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fascin actin-bundling protein 1 OKDB#: 1495
 Symbols: FSCN1 Species: human
 Synonyms: HSN, SNL, p55, FAN1  Locus: 7p22.1 in Homo sapiens

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General Comment Kureishy N, et al 2002 reviewed fascins, and their roles in cell structure and function. The fascins are a structurally unique and evolutionarily conserved group of actin cross-linking proteins. Fascins function in the organisation of two major forms of actin-based structures: dynamic, cortical cell protrusions and cytoplasmic microfilament bundles. The cortical structures, which include filopodia, spikes, lamellipodial ribs, oocyte microvilli and the dendrites of dendritic cells, have roles in cell-matrix adhesion, cell interactions and cell migration, whereas the cytoplasmic actin bundles appear to participate in cell architecture.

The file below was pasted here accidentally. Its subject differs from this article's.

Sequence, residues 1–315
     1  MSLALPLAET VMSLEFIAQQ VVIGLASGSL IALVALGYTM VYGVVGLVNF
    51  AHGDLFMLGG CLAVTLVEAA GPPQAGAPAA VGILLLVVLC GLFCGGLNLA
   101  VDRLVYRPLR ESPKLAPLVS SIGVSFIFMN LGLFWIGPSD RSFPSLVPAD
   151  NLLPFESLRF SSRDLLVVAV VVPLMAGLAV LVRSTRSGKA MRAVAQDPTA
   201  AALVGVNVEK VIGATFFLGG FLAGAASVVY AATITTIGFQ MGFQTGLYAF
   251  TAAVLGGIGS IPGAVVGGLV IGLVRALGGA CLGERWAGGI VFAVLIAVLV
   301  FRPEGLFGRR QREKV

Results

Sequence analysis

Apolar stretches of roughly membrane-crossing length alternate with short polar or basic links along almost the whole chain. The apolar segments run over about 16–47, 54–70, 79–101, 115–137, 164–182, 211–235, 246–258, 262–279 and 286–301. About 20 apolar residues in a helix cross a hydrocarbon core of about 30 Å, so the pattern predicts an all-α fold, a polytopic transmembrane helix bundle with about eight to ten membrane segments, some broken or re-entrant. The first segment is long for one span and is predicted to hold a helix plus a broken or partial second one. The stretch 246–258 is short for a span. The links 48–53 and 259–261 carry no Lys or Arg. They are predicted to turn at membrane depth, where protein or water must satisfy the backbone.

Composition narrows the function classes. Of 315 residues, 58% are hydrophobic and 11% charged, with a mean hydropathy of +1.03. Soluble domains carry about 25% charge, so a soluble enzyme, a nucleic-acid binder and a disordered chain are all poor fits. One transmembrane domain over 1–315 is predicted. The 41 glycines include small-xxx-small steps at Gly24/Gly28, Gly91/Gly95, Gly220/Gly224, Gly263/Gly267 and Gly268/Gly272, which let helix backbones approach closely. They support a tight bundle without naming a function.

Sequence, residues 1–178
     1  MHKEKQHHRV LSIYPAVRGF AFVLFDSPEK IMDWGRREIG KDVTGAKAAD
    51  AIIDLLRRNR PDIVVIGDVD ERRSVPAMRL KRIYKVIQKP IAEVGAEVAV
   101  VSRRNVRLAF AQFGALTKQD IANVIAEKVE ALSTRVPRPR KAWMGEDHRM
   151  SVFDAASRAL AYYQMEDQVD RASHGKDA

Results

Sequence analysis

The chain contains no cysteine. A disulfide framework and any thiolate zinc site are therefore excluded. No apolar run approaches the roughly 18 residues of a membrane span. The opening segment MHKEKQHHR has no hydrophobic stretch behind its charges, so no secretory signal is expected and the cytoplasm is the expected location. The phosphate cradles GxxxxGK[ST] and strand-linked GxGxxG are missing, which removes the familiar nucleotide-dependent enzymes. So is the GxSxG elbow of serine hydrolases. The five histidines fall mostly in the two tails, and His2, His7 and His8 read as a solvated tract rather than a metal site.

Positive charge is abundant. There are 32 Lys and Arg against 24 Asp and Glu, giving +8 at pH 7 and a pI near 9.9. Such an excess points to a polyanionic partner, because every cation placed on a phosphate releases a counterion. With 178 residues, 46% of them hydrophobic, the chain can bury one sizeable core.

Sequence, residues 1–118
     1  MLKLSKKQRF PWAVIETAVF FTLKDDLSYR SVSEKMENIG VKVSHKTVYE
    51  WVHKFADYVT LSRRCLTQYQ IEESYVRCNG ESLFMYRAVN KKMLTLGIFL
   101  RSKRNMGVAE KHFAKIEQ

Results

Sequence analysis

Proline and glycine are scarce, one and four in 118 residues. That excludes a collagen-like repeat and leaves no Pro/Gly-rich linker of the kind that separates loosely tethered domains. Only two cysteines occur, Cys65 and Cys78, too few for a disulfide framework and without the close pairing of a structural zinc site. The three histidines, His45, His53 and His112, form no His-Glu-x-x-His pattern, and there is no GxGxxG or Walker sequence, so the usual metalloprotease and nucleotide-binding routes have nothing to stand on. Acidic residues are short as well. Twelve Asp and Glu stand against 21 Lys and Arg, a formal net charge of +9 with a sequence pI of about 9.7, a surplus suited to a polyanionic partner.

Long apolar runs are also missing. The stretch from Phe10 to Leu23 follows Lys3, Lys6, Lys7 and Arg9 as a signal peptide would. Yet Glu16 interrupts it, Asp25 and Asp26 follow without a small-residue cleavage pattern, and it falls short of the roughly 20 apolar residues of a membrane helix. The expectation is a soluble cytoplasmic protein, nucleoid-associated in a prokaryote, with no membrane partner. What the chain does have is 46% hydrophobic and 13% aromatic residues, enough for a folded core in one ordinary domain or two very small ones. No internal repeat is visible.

NCBI Summary: This gene encodes a member of the fascin family of actin-binding proteins. Fascin proteins organize F-actin into parallel bundles, and are required for the formation of actin-based cellular protrusions. The encoded protein plays a critical role in cell migration, motility, adhesion and cellular interactions. Expression of this gene is known to be regulated by several microRNAs, and overexpression of this gene may play a role in the metastasis of multiple types of cancer by increasing cell motility. Expression of this gene is also a marker for Reed-Sternberg cells in Hodgkin's lymphoma. A pseudogene of this gene is located on the long arm of chromosome 15. [provided by RefSeq, Sep 2011]
General function Cytoskeleton
Cellular localization Cytoplasmic
Ovarian function Oocyte maturation